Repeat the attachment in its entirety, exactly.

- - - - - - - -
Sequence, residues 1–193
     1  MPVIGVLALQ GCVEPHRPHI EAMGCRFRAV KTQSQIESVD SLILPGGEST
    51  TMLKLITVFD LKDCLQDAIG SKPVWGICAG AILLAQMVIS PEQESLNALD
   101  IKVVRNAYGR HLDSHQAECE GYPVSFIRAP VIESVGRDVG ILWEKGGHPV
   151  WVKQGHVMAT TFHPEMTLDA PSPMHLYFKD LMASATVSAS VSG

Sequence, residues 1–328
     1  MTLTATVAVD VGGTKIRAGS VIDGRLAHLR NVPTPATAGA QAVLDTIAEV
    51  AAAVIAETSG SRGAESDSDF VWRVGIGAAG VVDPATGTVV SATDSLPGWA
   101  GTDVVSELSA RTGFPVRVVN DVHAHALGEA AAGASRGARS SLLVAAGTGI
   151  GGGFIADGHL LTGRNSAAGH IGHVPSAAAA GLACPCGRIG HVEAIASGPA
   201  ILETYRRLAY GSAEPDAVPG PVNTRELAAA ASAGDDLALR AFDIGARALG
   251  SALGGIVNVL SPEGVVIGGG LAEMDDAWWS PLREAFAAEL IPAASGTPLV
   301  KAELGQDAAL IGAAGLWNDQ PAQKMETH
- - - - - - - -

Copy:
Sequence, residues 1–193
     1  MPVIGVLALQ GCVEPHRPHI EAMGCRFRAV KTQSQIESVD SLILPGGEST
    51  TMLKLITVFD LKDCLQDAIG SKPVWGICAG AILLAQMVIS PEQESLNALD
   101  IKVVRNAYGR HLDSHQAECE GYPVSFIRAP VIESVGRDVG ILWEKGGHPV
   151  WVKQGHVMAT TFHPEMTLDA PSPMHLYFKD LMASATVSAS VSG

Sequence, residues 1–328
     1  MTLTATVAVD VGGTKIRAGS VIDGRLAHLR NVPTPATAGA QAVLDTIAEV
    51  AAAVIAETSG SRGAESDSDF VWRVGIGAAG VVDPATGTVV SATDSLPGWA
   101  GTDVVSELSA RTGFPVRVVN DVHAHALGEA AAGASRGARS SLLVAAGTGI
   151  GGGFIADGHL LTGRNSAAGH IGHVPSAAAA GLACPCGRIG HVEAIASGPA
   201  ILETYRRLAY GSAEPDAVPG PVNTRELAAA ASAGDDLALR AFDIGARALG
   251  SALGGIVNVL SPEGVVIGGG LAEMDDAWWS PLREAFAAEL IPAASGTPLV
   301  KAELGQDAAL IGAAGLWNDQ PAQKMETH